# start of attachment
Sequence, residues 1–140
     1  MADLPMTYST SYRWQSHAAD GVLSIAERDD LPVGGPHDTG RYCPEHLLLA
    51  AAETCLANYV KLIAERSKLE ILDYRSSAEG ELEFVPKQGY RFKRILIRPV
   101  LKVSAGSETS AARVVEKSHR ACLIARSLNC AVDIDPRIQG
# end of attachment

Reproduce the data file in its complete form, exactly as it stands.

Sequence, residues 1–140
     1  MADLPMTYST SYRWQSHAAD GVLSIAERDD LPVGGPHDTG RYCPEHLLLA
    51  AAETCLANYV KLIAERSKLE ILDYRSSAEG ELEFVPKQGY RFKRILIRPV
   101  LKVSAGSETS AARVVEKSHR ACLIARSLNC AVDIDPRIQG